Background on the Program

As part of the Coronavirus Aid, Relief, and Economic Security Act (the “CARES Act”) that was signed into law on March 27, 2020, the Federal Reserve Bank (the “Fed”) is authorized to fund two new loan programs totaling $600 billion in an effort to provide liquidity to mid-sized businesses.  All funding for these two loan programs are in addition to any funding available to, or acquired under, the Paycheck Protection Program (“PPP”) and Economic Injury Disaster Loan (“EIDL”) programs administered by the Small Business Administration (“SBA”). 

Main Street New Loan Facility (“MSNLF”)

As its name suggests, the MSNLF applies to new loans.Under the MSNLF, an eligible borrower can borrow up to the lesser of (a) $25 million and (b) an amount that, when added to the eligible borrower’s existing outstanding and committed but undrawn debt, does not exceed four times the borrower’s 2019 book-basis (1) earnings before interest, taxes, depreciation, and amortization (“EBITDA”).  

The minimum amount available under an MSNLF facility is $1.0 million. 

Key Terms, Provisions, and Scorecard Items

Eligible borrowers are businesses with up to 10,000 employees or up to $2.5 billion in 2019 annual revenues.The borrowers must be business created or organized in the USA or under the laws of the USA, with significant operations and the majority of its employees in the USA.

Eligible loansmust be unsecured term loans originated on or after April 8, 2020 by an eligible lender to an eligible borrower.The loans must have a four-year maturity with principal and interest payments deferred for one year from the date of loan origination and with no prepayment penalties.All loans under the program will bear interest at an adjustable rate pegged to the Secured Overnight Financing Rate (“SOFR”) plus 250 BPS – 400 BPS.The SOFR is the overnight inter-bank lending rate that is expected to replace the more commonly known London Inter-Bank Offered Rate (“LIBOR”) in the coming years.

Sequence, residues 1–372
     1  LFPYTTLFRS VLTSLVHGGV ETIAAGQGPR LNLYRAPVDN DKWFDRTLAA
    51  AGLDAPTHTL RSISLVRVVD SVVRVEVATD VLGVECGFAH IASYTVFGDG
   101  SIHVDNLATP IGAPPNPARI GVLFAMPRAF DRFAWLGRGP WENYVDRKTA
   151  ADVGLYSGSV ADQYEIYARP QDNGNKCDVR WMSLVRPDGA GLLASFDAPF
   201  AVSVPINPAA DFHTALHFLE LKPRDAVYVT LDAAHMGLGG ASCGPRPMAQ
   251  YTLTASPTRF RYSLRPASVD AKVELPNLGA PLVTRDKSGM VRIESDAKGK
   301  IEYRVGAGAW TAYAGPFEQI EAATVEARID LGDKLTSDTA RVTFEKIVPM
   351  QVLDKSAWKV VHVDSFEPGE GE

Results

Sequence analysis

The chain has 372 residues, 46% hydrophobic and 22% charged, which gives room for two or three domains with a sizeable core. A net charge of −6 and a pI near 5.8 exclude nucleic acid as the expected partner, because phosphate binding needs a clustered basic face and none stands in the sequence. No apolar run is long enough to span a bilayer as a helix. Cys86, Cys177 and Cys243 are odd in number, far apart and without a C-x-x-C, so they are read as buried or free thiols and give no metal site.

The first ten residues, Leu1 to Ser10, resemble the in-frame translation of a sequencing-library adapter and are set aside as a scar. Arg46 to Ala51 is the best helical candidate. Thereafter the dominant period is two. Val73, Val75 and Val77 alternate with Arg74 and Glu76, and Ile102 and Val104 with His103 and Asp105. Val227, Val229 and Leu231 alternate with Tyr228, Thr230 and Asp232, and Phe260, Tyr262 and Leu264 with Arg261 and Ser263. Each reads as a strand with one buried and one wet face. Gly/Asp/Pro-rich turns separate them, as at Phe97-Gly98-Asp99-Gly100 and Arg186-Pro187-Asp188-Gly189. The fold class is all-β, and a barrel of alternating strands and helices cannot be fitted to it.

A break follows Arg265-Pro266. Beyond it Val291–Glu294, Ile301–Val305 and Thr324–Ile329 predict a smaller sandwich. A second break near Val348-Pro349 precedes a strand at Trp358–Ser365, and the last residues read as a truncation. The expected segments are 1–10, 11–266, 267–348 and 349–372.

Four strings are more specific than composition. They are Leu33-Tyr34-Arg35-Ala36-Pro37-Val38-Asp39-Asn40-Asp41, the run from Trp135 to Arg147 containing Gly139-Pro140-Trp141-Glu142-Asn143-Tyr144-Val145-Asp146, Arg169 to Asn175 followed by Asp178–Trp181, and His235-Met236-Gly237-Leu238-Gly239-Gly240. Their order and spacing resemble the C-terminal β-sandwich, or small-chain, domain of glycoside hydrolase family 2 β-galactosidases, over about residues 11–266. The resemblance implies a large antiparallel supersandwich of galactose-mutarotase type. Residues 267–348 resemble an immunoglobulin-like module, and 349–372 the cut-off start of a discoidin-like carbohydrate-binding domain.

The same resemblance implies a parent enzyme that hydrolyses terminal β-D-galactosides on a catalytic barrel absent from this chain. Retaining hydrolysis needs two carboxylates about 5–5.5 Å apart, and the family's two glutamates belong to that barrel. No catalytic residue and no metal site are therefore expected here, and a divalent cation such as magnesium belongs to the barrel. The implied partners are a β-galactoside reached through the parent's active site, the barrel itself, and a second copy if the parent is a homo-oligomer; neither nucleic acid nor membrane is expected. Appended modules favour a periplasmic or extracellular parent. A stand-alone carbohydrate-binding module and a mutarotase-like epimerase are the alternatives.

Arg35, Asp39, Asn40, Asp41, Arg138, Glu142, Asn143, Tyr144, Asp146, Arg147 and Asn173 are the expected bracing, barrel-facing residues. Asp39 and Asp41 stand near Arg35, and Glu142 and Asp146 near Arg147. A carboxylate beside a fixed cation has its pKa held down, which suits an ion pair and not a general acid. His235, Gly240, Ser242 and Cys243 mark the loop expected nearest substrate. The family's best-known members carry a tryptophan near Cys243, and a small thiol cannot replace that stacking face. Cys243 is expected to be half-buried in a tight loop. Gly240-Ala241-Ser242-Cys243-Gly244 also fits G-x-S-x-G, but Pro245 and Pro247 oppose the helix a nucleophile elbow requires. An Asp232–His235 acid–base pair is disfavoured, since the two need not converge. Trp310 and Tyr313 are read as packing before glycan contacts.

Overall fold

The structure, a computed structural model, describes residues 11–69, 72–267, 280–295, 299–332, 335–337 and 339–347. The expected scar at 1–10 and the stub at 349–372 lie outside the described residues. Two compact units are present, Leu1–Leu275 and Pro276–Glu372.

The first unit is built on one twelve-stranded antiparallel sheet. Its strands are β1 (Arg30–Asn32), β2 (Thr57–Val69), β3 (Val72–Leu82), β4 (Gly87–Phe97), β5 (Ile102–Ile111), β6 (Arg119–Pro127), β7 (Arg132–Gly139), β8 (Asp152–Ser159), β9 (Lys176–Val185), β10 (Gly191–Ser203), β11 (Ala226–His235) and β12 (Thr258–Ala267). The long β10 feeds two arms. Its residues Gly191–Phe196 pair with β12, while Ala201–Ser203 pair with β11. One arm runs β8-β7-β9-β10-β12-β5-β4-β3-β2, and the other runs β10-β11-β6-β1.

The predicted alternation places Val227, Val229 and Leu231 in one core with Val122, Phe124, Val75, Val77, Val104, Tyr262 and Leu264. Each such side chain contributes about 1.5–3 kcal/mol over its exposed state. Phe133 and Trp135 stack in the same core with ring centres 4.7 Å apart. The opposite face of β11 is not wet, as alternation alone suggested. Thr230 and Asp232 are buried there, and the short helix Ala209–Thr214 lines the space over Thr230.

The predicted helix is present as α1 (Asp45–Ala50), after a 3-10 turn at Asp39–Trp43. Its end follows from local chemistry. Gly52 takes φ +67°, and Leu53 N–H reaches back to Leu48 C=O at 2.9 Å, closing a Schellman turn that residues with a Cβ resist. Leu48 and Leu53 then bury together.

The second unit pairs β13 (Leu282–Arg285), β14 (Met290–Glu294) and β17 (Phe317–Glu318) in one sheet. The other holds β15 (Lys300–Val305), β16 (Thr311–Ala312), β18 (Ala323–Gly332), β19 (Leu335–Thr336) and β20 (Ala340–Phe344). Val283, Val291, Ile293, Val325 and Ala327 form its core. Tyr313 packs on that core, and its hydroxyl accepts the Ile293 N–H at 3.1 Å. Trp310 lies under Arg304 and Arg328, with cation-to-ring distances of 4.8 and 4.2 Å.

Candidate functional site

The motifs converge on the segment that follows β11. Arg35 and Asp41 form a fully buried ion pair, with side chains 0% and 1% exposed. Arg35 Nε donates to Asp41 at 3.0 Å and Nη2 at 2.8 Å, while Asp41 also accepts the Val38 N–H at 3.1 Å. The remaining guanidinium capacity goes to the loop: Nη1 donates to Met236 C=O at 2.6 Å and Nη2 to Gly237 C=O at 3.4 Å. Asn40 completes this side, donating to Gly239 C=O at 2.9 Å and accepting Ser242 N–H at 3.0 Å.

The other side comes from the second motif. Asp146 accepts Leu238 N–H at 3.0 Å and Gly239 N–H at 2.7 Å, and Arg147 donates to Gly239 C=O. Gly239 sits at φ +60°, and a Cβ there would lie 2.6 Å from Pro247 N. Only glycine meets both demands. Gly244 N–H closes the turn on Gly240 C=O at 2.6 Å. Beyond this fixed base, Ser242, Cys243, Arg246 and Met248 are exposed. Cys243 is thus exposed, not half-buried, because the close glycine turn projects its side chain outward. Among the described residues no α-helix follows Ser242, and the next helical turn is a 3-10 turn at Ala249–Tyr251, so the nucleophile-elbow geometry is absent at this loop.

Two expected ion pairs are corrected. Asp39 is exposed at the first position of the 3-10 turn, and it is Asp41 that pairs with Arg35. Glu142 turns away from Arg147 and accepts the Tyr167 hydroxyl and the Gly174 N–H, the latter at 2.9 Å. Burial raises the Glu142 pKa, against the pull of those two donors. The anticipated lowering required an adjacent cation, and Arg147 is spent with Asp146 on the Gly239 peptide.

Commitment Fees on the MSNLF facilities will be 100 BPS paid by the borrower directly to the lender.Additionally, the borrower may be responsible for an additional commitment fee of 100 BPS that is charged by the Federal Reserve Bank investment vehicle that is purchasing portions of these loans from the commercial lenders.The Cares Act permits the commercial lender to pass through that 100 BPS fee directly to the borrower (2).

Uses of Funds under the MSNLF are stringent and include provisions, which to this point are not all fully defined, to include the following:

  • Proceeds from the MSNLF may not be used to repay or refinance existing loans or lines of credit
  • With the exception of principal payments due on the MSNLF, borrowers may not repay other debt of equal or lower priority unless the MSNLF is paid in full (3).  Lenders may not cancel or reduce existing lines of credit already provided to the borrower
  • Borrowers must commit to make “reasonable efforts” to maintain payroll and retain workers (4)